Merry Christmas!!

Merry Christmas!!  🙂

I hope you spent this Christmas season with your family and friends celebrating the birth of our savior, Jesus Christ.

My grandmother is still recovering from her insomnia, depression, and back pain, so we did not spend Christmas day at my grandparent’s home as we usually do.  Grandpa, however, did come and visit us on the twenty fourth to be encouraged and to share his gifts with us.  I was surprised he had gotten us anything, since he has been caring for Grandma for the past (almost) two months.  Thankfully, Grandma is sleeping again and has no more pain.  She simply needs to be able to think clearly again and get out of the depression.  We are hoping that will happen in the next month.

Last night was also our church’s candlelight service.  It was wonderful to celebrate Christmas with our church family, and singing ‘Silent Night’ while holding a candle is always fun  (though it was a bit more interesting this year as I helped my three year old sister hold one too).  🙂

Then this morning, my family and I went to sing Christmas carols at a nearby nursing home with some church families.  Seeing some of the residents sing with us was sweet. 🙂

Afterword, in the afternoon, the four oldest girls went to see Les Miserables with our neighbors.  It is an amazing movie!!  If you have not seen it yet, I highly recommend it.  Redemption, Mercy, Justice, Love, and Freedom are a couple of the main themes.  I was very happy to see that the director of the film kept all the great themes the book brought out.

Les Miserables poster

Since this is Christmas time I thought I would share a few of the similarities between Les Miserables and Christianity/The Bible.

#1 I’m sorry, I have not yet memorized the names of the characters…. so bear with me.  The main character, who was put in prison because he stole bread, gets out on parole.  He then finds himself at a convent of sorts and is invited in for a warm meal and bed for the night by a kind priest.  During the night, he steals as many silver objects as he can find and runs off.  He is basically throwing insults at the people who are trying to help him out of his predicament.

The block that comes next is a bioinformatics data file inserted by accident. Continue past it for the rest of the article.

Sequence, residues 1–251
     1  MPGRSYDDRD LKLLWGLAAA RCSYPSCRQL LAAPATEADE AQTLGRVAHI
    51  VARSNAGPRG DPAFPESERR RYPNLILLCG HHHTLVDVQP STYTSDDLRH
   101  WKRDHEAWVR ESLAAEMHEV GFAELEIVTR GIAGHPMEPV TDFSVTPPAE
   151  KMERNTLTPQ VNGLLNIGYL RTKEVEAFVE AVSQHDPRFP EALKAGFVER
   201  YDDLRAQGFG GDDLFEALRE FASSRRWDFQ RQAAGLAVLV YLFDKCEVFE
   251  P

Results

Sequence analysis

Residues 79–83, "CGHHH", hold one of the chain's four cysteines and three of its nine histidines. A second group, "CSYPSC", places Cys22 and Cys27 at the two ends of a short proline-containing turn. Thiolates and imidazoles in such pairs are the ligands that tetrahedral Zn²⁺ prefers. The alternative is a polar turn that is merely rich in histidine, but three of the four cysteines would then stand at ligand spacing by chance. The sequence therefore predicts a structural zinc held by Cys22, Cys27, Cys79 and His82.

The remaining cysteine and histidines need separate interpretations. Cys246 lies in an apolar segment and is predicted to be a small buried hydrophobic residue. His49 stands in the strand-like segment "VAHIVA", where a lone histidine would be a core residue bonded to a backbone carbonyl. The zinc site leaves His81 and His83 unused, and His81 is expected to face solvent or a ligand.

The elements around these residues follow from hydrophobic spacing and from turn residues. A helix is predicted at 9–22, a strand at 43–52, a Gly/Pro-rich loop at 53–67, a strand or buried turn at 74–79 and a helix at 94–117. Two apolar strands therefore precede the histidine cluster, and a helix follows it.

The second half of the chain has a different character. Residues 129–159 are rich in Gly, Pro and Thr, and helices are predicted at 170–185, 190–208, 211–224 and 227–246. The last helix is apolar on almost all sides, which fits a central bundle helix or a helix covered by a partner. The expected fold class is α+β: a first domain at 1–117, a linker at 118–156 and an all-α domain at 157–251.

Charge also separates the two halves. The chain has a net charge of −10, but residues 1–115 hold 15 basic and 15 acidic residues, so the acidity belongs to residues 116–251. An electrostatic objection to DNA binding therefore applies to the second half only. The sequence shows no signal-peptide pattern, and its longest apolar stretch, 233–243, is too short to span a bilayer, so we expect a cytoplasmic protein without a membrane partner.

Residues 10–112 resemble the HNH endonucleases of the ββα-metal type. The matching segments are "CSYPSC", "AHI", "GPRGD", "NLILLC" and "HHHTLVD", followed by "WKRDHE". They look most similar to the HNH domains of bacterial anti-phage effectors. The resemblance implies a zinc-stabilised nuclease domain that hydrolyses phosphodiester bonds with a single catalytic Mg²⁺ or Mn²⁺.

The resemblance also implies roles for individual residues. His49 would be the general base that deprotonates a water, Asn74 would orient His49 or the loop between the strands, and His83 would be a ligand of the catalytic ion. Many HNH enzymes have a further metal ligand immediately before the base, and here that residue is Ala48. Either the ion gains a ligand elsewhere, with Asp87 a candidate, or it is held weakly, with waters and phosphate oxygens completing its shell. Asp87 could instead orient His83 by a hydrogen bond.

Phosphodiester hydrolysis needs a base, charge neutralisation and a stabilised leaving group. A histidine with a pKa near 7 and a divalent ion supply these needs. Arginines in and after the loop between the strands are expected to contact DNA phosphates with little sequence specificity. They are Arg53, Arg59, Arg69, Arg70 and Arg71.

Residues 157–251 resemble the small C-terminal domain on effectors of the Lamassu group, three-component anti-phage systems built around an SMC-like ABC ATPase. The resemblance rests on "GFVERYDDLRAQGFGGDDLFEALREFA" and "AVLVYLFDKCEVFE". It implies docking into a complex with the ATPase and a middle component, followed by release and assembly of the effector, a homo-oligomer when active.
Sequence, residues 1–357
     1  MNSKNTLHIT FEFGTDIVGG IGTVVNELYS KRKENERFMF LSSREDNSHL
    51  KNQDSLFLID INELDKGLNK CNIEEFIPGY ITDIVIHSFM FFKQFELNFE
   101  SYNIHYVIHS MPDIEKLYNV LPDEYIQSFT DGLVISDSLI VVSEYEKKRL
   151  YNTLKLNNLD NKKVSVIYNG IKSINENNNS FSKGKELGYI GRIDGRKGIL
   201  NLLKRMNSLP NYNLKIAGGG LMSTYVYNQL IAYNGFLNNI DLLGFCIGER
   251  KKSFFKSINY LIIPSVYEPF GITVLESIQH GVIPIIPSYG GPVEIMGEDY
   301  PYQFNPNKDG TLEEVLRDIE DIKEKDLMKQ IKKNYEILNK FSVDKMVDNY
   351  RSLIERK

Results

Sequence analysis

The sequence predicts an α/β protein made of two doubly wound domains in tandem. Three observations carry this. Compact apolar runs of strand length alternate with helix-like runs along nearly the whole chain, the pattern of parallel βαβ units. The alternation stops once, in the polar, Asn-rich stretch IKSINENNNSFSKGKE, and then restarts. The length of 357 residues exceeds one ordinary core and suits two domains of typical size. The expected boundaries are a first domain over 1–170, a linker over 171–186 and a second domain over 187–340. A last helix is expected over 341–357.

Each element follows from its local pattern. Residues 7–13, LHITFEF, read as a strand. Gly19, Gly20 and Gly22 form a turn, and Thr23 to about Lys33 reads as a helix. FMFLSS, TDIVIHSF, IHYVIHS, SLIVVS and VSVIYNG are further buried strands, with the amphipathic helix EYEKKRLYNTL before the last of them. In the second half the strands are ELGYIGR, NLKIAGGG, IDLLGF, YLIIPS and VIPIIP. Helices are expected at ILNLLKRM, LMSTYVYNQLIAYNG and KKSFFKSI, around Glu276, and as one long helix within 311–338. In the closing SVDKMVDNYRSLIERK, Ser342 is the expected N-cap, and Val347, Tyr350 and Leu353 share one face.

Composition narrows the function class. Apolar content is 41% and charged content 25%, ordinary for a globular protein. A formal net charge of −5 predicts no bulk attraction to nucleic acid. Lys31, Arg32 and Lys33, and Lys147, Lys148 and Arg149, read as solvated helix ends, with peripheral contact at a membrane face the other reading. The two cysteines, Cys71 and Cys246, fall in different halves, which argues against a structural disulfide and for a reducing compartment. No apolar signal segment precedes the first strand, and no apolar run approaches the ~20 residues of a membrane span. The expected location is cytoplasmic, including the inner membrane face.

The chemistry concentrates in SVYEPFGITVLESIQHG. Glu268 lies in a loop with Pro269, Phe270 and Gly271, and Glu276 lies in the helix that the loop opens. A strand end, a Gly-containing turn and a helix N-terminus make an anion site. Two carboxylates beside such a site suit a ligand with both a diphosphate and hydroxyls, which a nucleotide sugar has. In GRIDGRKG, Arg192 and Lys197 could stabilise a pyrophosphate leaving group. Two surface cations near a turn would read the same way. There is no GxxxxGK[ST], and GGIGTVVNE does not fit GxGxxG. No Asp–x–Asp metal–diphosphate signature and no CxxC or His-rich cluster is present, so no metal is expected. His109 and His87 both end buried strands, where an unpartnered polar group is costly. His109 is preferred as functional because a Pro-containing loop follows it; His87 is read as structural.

In the case of Christianity, we view Jesus as the priest.  We are slaves to sin, unable to free ourselves.  We even mock God and blame Him for our woes.  When Jesus came on earth two thousand years ago, people killed Him.  But even though we continued to hate Him, He gave us another chance at redemption—even after we have insulted him.

When the main character in the movie is captured by the local law enforcement agents, he lies and says, (to paraphrase) ‘The priest gave them to me.’  Of course, the men don’t believe him for a second and they cart him back to the priest.  But here is where the story takes a surprising twist.  Instead of taking back his silver, and having the thief put in prison, he says, (again, paraphrased) “You should have stayed longer, I wanted to give you these” (while handing him two large silver candlesticks).  He then remarks that the man should make a new and honest life from the precious silver that is now his.

When Christ gives us the gift of eternal life He doesn’t just give it to us so that we can continue in our old way of living.  He wants us to begin to follow Him and (with the Holy Spirit’s help) begin to produce the fruits of the spirit (Galatians 5:22-23).  Although… we can’t steal the gift of Life from Him, like the man did in the movie. 🙂

#2 Much later in the film, the main character has the opportunity to kill the main law enforcement officer who has been after him ever since he broke his parole and became a mayor.  But, instead, he helps the man escape and shows him mercy—something the other man has never shown.

We deserve to die.  If we were only held accountable before God with the things we judge others by we would be condemned ten times over.  Jesus, however, offers us mercy and forgiveness.  I appreciate how the movie shows the difference between total justice with no mercy and justice with a merciful and forgiving spirit.  God is both loving and just.  It is a tough concept to grasp because we always want justice to be given!  If we are truly honest with ourselves, though, we should not want this all the time.  We justly deserve hell—separation from God forever because of our sin.  He loves us even in our ugliness and filth of sin, but He is just as well. He cannot simply say, ‘Your sins are gone…  I will ignore them.’  A just God can not do that.  But, a merciful, forgiving, and loving God can come up with a solution to the problem.